Collective phase transition dynamics in microarray composite LixFePO4electrodes tracked by in situ electrochemical quartz crystal admittance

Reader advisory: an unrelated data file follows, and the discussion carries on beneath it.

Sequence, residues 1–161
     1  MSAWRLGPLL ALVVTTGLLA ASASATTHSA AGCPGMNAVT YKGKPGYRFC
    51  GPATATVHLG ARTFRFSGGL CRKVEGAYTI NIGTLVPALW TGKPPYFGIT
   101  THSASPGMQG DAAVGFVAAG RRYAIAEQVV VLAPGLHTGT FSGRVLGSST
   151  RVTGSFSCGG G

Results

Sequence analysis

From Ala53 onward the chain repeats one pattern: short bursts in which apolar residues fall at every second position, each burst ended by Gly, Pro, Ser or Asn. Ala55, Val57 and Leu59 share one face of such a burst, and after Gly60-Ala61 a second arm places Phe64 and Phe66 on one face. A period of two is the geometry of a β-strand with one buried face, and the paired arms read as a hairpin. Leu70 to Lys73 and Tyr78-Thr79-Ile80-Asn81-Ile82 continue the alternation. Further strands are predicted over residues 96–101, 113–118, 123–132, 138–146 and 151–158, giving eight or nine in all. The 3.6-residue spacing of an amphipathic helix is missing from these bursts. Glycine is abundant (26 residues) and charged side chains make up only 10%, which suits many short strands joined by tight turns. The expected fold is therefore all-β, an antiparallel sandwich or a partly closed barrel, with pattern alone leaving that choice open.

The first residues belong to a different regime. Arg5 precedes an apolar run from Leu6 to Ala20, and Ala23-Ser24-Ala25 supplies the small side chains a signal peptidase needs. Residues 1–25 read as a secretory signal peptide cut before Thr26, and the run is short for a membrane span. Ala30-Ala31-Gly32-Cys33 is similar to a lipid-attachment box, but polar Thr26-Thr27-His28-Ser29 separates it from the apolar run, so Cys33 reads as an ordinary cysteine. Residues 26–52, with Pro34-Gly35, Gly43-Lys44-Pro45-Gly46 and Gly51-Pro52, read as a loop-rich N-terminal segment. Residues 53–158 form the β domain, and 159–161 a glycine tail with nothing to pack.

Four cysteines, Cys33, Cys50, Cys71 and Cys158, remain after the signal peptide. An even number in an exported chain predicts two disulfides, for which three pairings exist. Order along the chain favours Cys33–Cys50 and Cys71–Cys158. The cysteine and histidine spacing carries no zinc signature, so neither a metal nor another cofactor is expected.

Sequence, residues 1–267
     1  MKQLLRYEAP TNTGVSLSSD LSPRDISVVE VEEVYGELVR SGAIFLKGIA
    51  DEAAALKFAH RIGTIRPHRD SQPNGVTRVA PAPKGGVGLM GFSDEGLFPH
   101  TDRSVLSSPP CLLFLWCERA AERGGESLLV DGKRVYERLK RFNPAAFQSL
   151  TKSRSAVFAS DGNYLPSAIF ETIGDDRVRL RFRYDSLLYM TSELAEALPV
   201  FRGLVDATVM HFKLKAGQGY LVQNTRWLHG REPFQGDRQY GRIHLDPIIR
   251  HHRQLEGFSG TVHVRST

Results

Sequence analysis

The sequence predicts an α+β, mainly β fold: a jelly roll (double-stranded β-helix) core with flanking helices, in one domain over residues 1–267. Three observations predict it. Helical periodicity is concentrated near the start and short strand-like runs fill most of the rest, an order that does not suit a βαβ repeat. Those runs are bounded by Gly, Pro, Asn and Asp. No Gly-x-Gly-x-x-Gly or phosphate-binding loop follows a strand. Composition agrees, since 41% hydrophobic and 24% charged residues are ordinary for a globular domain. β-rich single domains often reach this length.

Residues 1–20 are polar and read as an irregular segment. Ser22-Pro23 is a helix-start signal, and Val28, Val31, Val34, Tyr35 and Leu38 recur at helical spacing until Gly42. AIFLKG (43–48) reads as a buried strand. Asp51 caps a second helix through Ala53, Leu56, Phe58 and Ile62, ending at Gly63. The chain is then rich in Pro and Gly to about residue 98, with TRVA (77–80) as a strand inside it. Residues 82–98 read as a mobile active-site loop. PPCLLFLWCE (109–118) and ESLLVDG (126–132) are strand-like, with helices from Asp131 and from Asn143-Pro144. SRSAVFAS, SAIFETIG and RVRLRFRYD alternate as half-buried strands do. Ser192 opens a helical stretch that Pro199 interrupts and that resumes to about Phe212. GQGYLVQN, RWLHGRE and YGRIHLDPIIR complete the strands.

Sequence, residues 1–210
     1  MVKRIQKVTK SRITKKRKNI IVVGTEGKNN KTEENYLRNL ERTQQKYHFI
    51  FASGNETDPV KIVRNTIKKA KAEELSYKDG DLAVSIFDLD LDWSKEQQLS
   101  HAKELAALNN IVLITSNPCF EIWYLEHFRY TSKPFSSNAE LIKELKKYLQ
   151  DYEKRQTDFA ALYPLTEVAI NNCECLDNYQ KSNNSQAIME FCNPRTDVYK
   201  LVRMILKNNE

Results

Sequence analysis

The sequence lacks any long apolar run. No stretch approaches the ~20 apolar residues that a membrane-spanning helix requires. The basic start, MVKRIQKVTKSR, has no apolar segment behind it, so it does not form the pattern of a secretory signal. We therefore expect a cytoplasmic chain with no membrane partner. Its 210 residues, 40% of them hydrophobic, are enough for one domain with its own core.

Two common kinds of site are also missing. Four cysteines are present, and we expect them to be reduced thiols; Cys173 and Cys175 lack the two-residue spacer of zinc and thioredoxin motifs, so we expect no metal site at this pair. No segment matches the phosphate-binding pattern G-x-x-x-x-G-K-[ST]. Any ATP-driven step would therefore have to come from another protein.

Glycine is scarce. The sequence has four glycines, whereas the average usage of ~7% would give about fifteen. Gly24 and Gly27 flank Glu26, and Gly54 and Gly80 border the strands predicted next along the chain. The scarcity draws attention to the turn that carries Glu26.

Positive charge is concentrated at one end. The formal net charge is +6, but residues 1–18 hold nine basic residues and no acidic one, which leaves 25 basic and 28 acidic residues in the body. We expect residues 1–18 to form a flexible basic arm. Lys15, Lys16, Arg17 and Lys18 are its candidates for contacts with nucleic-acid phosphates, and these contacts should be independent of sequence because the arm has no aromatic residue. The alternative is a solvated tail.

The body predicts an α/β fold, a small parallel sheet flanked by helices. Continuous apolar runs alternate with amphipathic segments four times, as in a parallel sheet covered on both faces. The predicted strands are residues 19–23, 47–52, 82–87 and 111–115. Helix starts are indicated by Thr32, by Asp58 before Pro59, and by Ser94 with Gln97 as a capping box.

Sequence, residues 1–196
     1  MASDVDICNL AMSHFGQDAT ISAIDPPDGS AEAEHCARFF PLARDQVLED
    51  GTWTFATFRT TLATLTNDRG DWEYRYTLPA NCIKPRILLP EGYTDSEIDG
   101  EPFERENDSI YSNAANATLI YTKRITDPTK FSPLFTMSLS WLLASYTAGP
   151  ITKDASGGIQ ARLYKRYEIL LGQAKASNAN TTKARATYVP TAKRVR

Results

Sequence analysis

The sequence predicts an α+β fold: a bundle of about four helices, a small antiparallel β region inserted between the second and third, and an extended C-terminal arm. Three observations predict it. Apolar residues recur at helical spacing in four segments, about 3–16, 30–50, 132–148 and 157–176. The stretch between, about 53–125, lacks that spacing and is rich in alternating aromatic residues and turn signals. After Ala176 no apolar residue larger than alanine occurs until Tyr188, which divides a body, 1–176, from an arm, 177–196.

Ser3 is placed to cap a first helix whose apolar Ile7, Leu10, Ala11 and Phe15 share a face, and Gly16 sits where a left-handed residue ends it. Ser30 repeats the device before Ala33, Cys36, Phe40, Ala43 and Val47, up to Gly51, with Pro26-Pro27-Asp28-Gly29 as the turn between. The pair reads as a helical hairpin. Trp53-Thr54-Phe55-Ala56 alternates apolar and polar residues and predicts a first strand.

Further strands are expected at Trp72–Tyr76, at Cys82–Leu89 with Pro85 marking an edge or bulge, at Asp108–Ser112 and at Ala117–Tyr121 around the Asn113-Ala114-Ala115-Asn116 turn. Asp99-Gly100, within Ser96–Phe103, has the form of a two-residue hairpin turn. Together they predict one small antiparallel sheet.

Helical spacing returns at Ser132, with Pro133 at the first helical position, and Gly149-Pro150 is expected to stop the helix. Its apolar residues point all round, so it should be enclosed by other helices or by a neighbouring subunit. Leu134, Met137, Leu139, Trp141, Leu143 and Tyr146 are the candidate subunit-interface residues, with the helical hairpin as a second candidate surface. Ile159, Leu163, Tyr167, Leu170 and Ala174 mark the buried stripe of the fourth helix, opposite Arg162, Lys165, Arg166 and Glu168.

A novel approach to tracking intercalation-induced phase transitions in Li-ion battery materials demonstrated herein consists of simultaneous analysis of intercalation charge and the accompanying mechanical (geometric) changes in a microarray electrode composed of LixFePO4intercalation particles probed by the electrochemical quartz-crystal admittance (EQCA) method. A recently elaborated approach to population dynamics of active (phase-transforming) nanoparticles has been used here for modeling current transients applying small potential steps to LixFePO4electrodes. The number fraction of (phase) transformed particles thus calculated was directly compared with the changes in the effective thickness and permeability length of the electrode coating derived by EQCA. Geometric changes of thin active mass originating from different molar volumes of the parent and transformed phase result in nonuniform deformations of intercalation particles. This study confirms the collective behavior of LixFePO4intercalation particles during electrochemically induced phase transition. The use of EQCA as a highly precise and sensitive probe of mass and geometric changes in the electrode layer of intercalation particles paves the way for dynamic in situ studies of nonuniform intercalation particles deformations which can hardly be assessed by other available techniques.